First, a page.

Rohit M A is a serial entrepreneur and the Co-Founder and MD of Cloudnine Hospitals. He reflects on his experience as a young father, how he balances work and family, and his hopes and aspirations for his six-year-old son.
When Monica and I got married, we knew we wanted to be young parents, the kind of parents that could keep up with their child and hold a candle to his energy levels. But if you were to ask me when I knew I was ready to be a parent, I wouldn’t be able to put a finger on it. It wasn’t a precise moment that lit up in my head, but more of a consciousness that young parenthood was a priority. And so, two years into our marriage, our son Rishi was born.
Monica took a hiatus in her career when she became a mother. For the first two years of Rishi’s life, I was so immersed in my work, that my involvement in his upbringing was minimal. It was a time when my work needed me, but I forgot that my baby needed me too. I missed several of his major milestones, and in time, he missed my presence less and less. He grew exceptionally attached to Monica, and my guest appearances in his life mattered little to him. That was when it struck me that my priorities needed changing. I had to be more involved.
Growing up, my mother and father had distinct roles in our upbringing. My mother was the gentle nurturer, kind and patient, while my father was the disciplinarian. Because he was perpetually busy, I wasn’t particularly close to my father as a child. My mother, on the other hand, knew the intricacies of our daily routines; what we were doing, what we were eating, what our favourite pastimes were.
Rishi is six years old today, and I am as hands-on a parent as my wife. In fact, he is now closer to me than he is to Monica, a fact that she impishly denies. I relate my role as a parent to my mother’s role, rather than my father’s. I like to know what Rishi is up to everyday, who his friends are and what interests him at school. Monica and I take joint decisions about his hobbies, classes and lessons.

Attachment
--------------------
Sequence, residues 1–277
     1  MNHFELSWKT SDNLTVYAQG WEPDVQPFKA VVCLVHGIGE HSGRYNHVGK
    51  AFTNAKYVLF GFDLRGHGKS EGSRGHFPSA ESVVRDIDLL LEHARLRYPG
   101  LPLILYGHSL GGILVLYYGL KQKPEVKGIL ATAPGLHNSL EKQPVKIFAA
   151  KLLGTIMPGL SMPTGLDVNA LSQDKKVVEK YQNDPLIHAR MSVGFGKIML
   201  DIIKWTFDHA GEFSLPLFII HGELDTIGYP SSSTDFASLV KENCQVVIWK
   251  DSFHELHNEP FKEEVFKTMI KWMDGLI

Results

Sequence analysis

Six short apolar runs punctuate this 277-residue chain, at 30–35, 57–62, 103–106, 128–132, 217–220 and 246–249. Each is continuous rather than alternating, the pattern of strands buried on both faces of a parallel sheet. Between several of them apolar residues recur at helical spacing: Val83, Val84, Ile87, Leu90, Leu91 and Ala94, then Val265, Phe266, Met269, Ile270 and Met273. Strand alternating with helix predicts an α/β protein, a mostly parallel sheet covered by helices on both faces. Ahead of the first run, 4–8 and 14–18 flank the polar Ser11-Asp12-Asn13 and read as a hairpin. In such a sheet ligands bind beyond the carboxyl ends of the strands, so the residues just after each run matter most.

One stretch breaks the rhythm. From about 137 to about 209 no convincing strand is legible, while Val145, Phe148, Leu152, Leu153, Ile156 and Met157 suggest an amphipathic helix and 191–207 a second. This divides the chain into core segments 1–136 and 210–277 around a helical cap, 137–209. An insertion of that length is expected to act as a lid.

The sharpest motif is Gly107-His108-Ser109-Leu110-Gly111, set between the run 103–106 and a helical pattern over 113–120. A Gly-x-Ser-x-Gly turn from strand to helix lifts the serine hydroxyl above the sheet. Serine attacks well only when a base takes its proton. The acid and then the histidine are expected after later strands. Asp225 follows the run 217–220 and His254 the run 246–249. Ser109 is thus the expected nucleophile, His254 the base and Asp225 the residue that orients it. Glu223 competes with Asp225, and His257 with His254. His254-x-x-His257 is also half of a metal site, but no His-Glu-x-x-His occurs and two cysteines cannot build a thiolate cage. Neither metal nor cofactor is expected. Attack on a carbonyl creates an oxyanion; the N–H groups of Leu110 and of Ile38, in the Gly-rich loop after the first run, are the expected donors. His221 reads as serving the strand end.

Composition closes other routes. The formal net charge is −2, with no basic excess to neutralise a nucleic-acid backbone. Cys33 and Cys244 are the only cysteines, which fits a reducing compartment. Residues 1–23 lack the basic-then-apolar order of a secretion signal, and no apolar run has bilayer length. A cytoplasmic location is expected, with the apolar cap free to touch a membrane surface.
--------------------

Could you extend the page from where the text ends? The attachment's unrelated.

Sometimes, I think about the future. I contemplate the amazing galaxy of opportunities available for our children, and I’m left wondering what decisions my son will take as he grows. In earlier times, success was measured by material wealth and professional achievements. Of course, it is, today as well. But the world is moving towards a silent emancipation. I can’t predict what path my son will choose when he is on the anvil of adulthood, but by being involved now, I know that I can lead him part of the way. That said, I want Rishi to own his decisions, take credit for his successes and learn from his failures. I want him to be independent and embracing of new experiences.
As a parent, I have only one worry about the generation that we are raising. With the onset of the digital age, children today are becoming emotionally detached, preferring to communicate through screens and devices. They value everything less, whether it’s the love of their parents, grandparents or even gifts they receive. I think we need to instil a sense of gratitude in our children.
I’m glad that Monica and I chose to be young parents. Monica often regales me with stories of how strangers react on finding out that she is a mother of a six-year-old. She doesn’t look it, they tell her. It’s curious that there is a growing impression in metros today that parenthood needs to be postponed. As young parents, we have more energy to invest in our son. Since Rishi is our only child, Monica and I deliberate over every decision together, and I sometimes contemplate how it would have been if we’d had more. Perhaps our parenting style would have been different, perhaps it would have been the same. For now though, between Monica and me, I think we have it covered.
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